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Bookends: A Busy Day in the Life of a Scotland Yard Superintendent December 29, 2013

Posted by klondykewriter in Bookends.
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Bookends: A Busy Day in the Life of a Scotland Yard Superintendent

By Dan Davidson

June 18, 2013

– 692 words –


Gideon’s Day

Gideon's Day

By John Creasey

As J.J. Marric

House of Stratus

216 pages



Audiobook version


Read by Tim Bentinck

6 hours, 25 minutes


The police procedural is a pretty common format both in print and on television these days, though the current breed is more heavily influenced by the CSI model than by the older style Law and Order methods. It all had to start somewhere though, had to get past the murder mystery’s reliance on private and consulting detectives, the gifted wealthy amateurs with too much time on their hands, or the Robin Hood-like characters who somehow worked for real justice while breaking the law.


John Creasey had begun his career writing about freelance adventurers with code names like the Toff and the Baron, not quite legitimate fellows who might or might not cooperate with the authorities, but were on the side of the angels in the end. After nearly 20 years of success under his own name and as Anthony Morton (along with the 26 other pseudonyms he would use to produce more than 600 novels before his death in 1973) he decided to do something different; he decided to follow the life and work of Scotland Yard Detective Superintendent (later Commander) George Gideon.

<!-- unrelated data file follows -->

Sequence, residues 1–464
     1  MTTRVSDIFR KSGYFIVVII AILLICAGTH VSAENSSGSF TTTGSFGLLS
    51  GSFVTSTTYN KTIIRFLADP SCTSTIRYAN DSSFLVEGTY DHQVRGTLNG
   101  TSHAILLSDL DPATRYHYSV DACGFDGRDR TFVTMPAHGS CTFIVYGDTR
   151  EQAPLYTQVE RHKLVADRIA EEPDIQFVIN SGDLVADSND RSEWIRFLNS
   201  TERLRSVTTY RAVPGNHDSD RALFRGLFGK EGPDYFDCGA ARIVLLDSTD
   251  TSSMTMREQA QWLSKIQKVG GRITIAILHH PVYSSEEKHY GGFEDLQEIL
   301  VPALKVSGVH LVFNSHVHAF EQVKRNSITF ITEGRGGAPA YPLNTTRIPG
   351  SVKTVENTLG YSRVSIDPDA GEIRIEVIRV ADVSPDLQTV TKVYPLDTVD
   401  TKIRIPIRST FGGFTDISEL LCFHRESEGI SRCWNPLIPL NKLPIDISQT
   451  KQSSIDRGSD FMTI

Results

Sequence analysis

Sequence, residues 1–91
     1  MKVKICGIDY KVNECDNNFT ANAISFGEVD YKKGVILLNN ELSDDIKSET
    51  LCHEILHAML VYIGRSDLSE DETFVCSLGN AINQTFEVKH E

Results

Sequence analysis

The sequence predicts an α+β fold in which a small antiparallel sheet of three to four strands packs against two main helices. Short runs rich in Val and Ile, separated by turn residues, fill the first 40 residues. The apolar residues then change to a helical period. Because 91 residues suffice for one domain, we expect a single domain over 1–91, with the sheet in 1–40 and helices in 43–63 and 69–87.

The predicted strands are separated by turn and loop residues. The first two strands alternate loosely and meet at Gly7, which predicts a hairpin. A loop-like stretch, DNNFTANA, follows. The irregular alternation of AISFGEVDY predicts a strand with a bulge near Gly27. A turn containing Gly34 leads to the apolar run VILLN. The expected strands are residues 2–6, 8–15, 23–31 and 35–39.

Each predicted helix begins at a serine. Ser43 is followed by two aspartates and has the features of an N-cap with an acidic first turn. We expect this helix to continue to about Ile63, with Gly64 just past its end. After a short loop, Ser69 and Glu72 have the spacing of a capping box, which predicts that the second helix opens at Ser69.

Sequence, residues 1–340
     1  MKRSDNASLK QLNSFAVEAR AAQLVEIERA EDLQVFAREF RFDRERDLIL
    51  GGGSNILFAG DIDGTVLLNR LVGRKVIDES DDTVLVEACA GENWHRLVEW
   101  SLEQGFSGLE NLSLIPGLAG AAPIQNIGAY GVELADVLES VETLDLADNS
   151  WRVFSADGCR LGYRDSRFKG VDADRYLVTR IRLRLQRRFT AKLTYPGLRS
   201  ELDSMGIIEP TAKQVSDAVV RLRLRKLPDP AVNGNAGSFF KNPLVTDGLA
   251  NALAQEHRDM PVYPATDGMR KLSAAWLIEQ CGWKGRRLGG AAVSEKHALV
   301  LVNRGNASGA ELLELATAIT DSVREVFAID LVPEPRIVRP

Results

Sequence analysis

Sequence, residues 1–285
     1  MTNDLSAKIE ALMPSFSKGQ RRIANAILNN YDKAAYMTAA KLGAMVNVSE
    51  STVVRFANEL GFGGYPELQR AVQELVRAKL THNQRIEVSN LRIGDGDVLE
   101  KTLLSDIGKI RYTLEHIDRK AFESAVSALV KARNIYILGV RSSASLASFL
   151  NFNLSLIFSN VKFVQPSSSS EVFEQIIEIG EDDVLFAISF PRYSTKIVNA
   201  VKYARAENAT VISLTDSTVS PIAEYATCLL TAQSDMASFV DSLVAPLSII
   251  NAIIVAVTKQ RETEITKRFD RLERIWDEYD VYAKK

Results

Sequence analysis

Gideon is married, but his home life is a little shaky due to his extreme focus in his work. Unlike many later British police series, it would appear from this book that GG, as he is sometimes known, is aware of the problem and making attempts to do something about it. Gideon is presented to us a first rate investigator who is respected by both his subordinates and his superiors. His wrath is a thing to be dreaded and his approval much sought after. His unit runs like a well-oiled machine, and he cultivates good relations with the other branches of the police force, coordinating all their efforts from his office.


This book covers just one day in the life of the Criminal Investigation Division, a day during which Gideon has to deal with a corrupt subordinate, who is murdered just hours later; solve that murder and incidentally bring down a drug smuggling operation; protect the confidential informant (CI) who tipped him off to the bad egg in the CID; track down and capture a pedophile child killer; and foil a clever robbery at a major safe deposit business. In a touch of realism, there are a few loose threads at the end of the day, but enough successes to keep the unit’s record in the plus column.


While we spend most of our time with Gideon, Creasey also takes us into the inner workings of the criminals and, in one or two cases, the victims. We even spend time with Gideon’s CI, who is busily skulking about London trying to avoid the minions of Murphy’s Gang, who have been tasked by Chang, the drug smuggler, with tracking him down. Some of the cases are related to each other, but there are several that are unconnected to anything else going on in the novel, and these simply go to show the variety of things that Gideon has to juggle in the span of what turns out to be about a 16 hour day.


One of the things that surprised me about this book was how totally different it was in tone and style from the Toff book I reviewed here about a month ago. By the time I first encountered Creasey back in my high school days his books generally bore the “John Creasey, writing as (fill in pen name here)” cover copy, so I always knew who was writing the Toff, the Baron, Inspector West, Dr. Palfrey and other characters when I picked up the books. Comparing the “seat of the pants” adventure style of Richard Rollison’s (the Toff) stories with the down to earth, step by step narrative of the Gideon novels, I would never have connected the two series with the same writer had I not already known.








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